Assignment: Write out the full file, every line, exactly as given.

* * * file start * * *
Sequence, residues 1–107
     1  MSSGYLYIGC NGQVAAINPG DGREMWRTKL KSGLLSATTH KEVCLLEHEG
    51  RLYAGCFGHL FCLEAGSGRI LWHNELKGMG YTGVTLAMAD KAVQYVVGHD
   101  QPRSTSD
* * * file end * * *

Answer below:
Sequence, residues 1–107
     1  MSSGYLYIGC NGQVAAINPG DGREMWRTKL KSGLLSATTH KEVCLLEHEG
    51  RLYAGCFGHL FCLEAGSGRI LWHNELKGMG YTGVTLAMAD KAVQYVVGHD
   101  QPRSTSD